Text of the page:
Remembering Ralph McQuarrie

The death of Ralph McQuarrie on March 3 marked the loss of one of the key founders of the Star Wars franchise. McQuarrie’s authorial status within that vast transmedia network had for decades been subsumed under the cannibalizing sign of George Lucas’s “vision,” and just as the aging and death of the movies’ original actors has cleared the stage for such synthetic, endlessly replenishable replacements as the animated Clone Wars series and the Lego-ification of the saga, so McQuarrie’s demise signals the continued waning of a certain authentic (and temporally specific) artistry tied to, but distinct from, Lucas’s techno-auteurism. Below is an excerpt of my book manuscript on special effects and transmedia franchises, focusing on McQuarrie’s role in the previsualization of Star Wars.

By summer 1974, the rough draft of what was then called The Star Wars ran 132 baffling pages. According to fellow director Michael Ritchie, to whom George Lucas showed the draft, “It was very difficult to tell what the man was talking about.”[i] Another friend, Hal Barwood, said the script “started off in horrible shape. … It was hard to discern there was a movie there. It was both kind of futuristic and funny and endearing and exciting all at once, but that combination of possibilities just didn’t dawn on us reading these words on the page.”[ii] Perhaps thinking back to his use of comic-book frames to sell the story treatment to Twentieth-Century Fox, Lucas acknowledged that “the concepts and characters he was devising were so bizarre that it was very difficult for anyone else to visualize them.” So he turned to a professional artist, Ralph McQuarrie, to portray The Star Wars in concrete visuals.[iii] McQuarrie was an industrial artist for Boeing Aircraft who came to prominence in Hollywood circles when he created illustrations of space flight for CBS’s coverage of the moon landings. Lucas hired him to paint “concept artwork” based on a handful of key images, including the ones below.[iv]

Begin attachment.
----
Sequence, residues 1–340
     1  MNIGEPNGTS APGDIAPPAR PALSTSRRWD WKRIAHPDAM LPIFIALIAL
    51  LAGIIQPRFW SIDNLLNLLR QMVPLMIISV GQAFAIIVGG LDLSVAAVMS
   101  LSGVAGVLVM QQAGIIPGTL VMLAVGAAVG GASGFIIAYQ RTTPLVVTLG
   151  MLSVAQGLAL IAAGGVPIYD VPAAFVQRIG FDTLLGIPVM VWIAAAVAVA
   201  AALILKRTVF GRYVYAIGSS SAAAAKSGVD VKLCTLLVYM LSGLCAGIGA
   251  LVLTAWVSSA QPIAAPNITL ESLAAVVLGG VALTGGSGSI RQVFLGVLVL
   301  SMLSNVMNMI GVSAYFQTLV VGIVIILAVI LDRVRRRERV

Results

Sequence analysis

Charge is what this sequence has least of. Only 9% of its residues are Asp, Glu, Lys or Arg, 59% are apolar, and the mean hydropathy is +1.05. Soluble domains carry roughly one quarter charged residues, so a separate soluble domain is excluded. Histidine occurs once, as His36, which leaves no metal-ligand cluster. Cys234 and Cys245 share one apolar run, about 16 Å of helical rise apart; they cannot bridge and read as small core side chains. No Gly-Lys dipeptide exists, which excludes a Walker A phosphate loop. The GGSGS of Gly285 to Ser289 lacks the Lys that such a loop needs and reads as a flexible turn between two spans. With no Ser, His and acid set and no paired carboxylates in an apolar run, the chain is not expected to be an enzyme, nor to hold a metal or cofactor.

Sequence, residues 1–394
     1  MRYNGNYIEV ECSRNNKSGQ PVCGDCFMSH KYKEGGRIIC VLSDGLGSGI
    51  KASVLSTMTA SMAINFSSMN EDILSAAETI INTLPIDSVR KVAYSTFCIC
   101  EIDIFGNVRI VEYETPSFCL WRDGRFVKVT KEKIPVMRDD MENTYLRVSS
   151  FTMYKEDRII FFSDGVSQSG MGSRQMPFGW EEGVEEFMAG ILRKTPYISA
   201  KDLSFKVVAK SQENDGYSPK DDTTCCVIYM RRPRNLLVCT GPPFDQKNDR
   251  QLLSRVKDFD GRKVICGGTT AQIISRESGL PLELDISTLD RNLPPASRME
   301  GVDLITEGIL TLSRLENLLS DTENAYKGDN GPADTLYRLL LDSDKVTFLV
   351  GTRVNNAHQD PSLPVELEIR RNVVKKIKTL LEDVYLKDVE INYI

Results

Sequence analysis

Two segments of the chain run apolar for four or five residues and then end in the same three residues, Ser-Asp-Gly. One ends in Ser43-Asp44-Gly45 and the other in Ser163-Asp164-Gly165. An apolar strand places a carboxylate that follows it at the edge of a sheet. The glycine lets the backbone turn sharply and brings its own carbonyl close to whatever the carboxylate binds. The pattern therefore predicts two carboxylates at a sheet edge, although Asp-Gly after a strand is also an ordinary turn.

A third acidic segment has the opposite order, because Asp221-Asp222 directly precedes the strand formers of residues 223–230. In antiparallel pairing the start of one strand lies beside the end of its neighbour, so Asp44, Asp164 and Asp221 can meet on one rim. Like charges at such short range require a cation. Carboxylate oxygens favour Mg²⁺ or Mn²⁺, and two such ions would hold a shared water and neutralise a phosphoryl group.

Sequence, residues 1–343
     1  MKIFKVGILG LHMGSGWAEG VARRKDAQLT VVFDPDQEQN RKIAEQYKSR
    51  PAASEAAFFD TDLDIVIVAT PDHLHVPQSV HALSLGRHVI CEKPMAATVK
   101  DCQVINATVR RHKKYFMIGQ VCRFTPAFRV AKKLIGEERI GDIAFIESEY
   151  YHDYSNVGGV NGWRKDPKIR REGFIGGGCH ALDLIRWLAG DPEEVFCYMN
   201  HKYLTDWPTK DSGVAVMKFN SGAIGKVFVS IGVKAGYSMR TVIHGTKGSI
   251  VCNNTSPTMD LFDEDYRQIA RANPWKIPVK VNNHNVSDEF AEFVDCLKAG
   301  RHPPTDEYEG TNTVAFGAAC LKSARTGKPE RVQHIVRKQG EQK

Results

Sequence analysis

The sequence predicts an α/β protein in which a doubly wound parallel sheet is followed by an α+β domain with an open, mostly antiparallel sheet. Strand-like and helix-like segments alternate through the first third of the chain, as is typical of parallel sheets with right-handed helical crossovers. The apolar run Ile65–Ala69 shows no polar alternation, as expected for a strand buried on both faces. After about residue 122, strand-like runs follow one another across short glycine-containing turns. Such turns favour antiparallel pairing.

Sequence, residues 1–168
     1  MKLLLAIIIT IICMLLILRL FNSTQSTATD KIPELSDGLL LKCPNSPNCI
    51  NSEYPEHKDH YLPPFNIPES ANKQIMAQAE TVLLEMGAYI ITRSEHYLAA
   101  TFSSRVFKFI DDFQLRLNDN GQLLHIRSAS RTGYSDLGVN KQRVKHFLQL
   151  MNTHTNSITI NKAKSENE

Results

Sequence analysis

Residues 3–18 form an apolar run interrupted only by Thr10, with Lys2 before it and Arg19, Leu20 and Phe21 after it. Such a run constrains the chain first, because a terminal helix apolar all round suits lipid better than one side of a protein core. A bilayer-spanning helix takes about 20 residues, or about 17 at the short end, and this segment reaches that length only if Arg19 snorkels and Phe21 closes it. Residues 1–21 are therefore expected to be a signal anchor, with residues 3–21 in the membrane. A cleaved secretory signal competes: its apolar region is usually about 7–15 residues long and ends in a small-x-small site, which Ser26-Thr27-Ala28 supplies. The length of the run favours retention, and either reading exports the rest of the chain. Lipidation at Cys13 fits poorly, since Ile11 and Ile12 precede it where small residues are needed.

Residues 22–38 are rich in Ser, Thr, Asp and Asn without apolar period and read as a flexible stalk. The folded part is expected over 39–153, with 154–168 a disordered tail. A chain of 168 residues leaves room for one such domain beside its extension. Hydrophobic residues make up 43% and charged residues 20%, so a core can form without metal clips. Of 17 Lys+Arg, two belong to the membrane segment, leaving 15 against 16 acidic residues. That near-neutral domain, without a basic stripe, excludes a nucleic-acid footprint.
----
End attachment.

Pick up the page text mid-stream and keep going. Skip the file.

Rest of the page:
It is fair to say that without McQuarrie’s paintings, Star Wars would not have been made – or would at least have been a very different film. “George spent his money wisely on Star Wars by developing the art,” according to Lucasfilm production assistant Miki Herman. “Ralph McQuarrie’s paintings sold the movie to Fox.”[v] The paintings’ primary value was in leapfrogging past the limitations of time and budget to bring back images from Star Wars’ own future – its spectacular “money shots.” Done in opaque gouache and acrylic in widescreen aspect ratio, the art envisioned in arresting ways the central settings, character looks, and action beats of Lucas’s screenplay. Studio backers were all too pleased to find order amid the chaos; they were particularly reassured by the guarantee that the planned effects would be both technically achievable and splendidly unlike anything that had come before. Lucas “wanted the pictures to be idealist,” according to McQuarrie. “In other words, don’t worry about how things are going to get done or how difficult it might be to produce them – just do them how you’d like them to be.”[vi] Compared to the likely expense of producing the special effects they called for, the paintings cost nothing; yet that very lack of expense suggested that the images could be delivered on time and on budget. With the paintings, Lucas “wanted people to look and say, ‘Gee, that looks great, just like something on the screen.’”[vii]